Dear Sophie: Should I apply for citizenship if I have a conviction?

Here’s another edition of “Dear Sophie,” the advice column that answers immigration-related questions about working at technology companies.

“Your questions are vital to the spread of knowledge that allows people all over the world to rise above borders and pursue their dreams,” says Sophie Alcorn, a Silicon Valley immigration attorney. “Whether you’re in people ops, a founder or seeking a job in Silicon Valley, I would love to answer your questions in my next column.”

Dear Sophie,

At Burning Man a few years ago, I was arrested and charged with a misdemeanor for smoking marijuana in public (in my car) and driving under the influence.

I currently have a green card and want to apply for U.S. citizenship next year.

Can I? If so, how should I handle my criminal record?

— Remorseful About the Reefer

Dear Remorseful,

As you’ve discovered, you have to be extra careful when you’re an immigrant: Obviously, you should never break the law, but as an immigrant, if you do, it can have severe and lasting consequences.

You even need to be careful to avoid doing things that an immigration officer might consider to be outside the bounds of good moral character, even if they are not crimes. All immigrants should remember that even though limited use of marijuana for recreational and medical uses is legal in several states, it’s illegal under federal law.

My law partner, Anita Koumriqian, recently podcasted on how various crimes can impact your green card status and affect your ability to become a U.S. citizen. Take a listen and (always in this situation) consult an experienced immigration attorney. Tell your attorney about your DUI and marijuana charges, any subsequent marijuana use, any other arrests or citations, and even things you might consider minor such as speeding, parking or jaywalking tickets. An immigration attorney can determine whether you should proceed with applying for U.S. citizenship and if so, when and how to do so.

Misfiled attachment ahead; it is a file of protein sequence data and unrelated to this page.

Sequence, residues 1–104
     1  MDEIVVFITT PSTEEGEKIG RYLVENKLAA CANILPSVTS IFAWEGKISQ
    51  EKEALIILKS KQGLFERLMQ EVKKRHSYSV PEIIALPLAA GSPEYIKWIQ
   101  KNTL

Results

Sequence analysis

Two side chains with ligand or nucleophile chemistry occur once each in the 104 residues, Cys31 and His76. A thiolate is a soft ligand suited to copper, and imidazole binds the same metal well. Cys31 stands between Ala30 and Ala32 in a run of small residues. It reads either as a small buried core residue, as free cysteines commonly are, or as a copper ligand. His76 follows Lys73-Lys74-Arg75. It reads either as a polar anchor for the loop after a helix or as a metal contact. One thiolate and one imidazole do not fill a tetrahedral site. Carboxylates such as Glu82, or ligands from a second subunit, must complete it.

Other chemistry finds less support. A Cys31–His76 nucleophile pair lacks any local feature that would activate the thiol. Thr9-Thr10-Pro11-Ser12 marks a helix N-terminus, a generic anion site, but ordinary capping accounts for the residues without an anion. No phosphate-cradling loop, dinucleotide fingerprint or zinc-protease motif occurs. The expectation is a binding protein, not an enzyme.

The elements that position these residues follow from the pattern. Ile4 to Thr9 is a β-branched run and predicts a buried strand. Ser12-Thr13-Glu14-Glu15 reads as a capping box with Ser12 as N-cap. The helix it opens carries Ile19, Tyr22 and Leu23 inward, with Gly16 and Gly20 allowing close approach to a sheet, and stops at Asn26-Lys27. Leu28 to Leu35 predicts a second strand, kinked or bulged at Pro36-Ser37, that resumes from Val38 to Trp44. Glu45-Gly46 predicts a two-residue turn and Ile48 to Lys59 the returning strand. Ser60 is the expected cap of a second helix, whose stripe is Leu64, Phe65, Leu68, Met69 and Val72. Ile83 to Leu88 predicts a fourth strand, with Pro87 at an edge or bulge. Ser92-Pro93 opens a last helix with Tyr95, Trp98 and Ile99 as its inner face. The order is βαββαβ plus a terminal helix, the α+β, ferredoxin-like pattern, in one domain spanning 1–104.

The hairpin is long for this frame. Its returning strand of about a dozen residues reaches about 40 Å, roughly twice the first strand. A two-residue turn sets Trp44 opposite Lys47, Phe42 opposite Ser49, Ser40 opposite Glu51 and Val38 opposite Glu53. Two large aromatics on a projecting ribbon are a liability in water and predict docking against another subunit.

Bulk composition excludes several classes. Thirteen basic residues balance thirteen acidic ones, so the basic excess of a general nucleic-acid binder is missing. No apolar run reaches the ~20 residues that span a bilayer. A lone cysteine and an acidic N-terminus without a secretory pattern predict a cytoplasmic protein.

A composite image of immigration law attorney Sophie Alcorn in front of a background with a TechCrunch logo.

Image Credits: Joanna Buniak / Sophie Alcorn

What is good moral character?

As you know, you must be a permanent resident (green card holder) for at least five years — or three years if you have a green card through marriage — to be eligible to apply for U.S. citizenship. Additionally, you must demonstrate “good moral character” during the five- or three-year statutory period.

Good moral character is defined as having the qualities that measure up to the standards of the community in which you reside. In practice, that means the definition of good moral character in California can be interpreted differently than by immigration officers in Texas. Ultimately, though, it’s up to the U.S. Citizenship and Immigration Services (USCIS) officer who is evaluating your case to make that determination. Some of the things that call your good moral character into question include convictions on your record, theft, fraud, intentionally hurting someone, or lying on your application or to an immigration officer.

Green card holders convicted of violating federal law relating to marijuana or who are drug abusers or addicts can be deported. In that situation, a risk is that if you apply for U.S. citizenship, USCIS could deny your application and take steps to deport you. However, assuming your arrest at Burning Man was your first and only offense, no one was injured and you were not charged with possessing more than 30 grams of marijuana, that incident would likely not trigger deportation or jeopardize your citizenship application as long as you served your time, completed your probation and paid any fines. However, you must confirm this with an immigration attorney because everybody’s situation is different.